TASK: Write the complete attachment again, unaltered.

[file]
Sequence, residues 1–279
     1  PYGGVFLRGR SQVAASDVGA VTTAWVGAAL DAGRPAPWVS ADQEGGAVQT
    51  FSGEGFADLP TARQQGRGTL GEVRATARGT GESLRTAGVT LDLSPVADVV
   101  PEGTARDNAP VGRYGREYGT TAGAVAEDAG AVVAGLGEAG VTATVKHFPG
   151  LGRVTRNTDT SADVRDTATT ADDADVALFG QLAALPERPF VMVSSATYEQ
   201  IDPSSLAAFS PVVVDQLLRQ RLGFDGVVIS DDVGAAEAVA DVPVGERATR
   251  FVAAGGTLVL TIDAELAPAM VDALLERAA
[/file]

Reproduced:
Sequence, residues 1–279
     1  PYGGVFLRGR SQVAASDVGA VTTAWVGAAL DAGRPAPWVS ADQEGGAVQT
    51  FSGEGFADLP TARQQGRGTL GEVRATARGT GESLRTAGVT LDLSPVADVV
   101  PEGTARDNAP VGRYGREYGT TAGAVAEDAG AVVAGLGEAG VTATVKHFPG
   151  LGRVTRNTDT SADVRDTATT ADDADVALFG QLAALPERPF VMVSSATYEQ
   201  IDPSSLAAFS PVVVDQLLRQ RLGFDGVVIS DDVGAAEAVA DVPVGERATR
   251  FVAAGGTLVL TIDAELAPAM VDALLERAA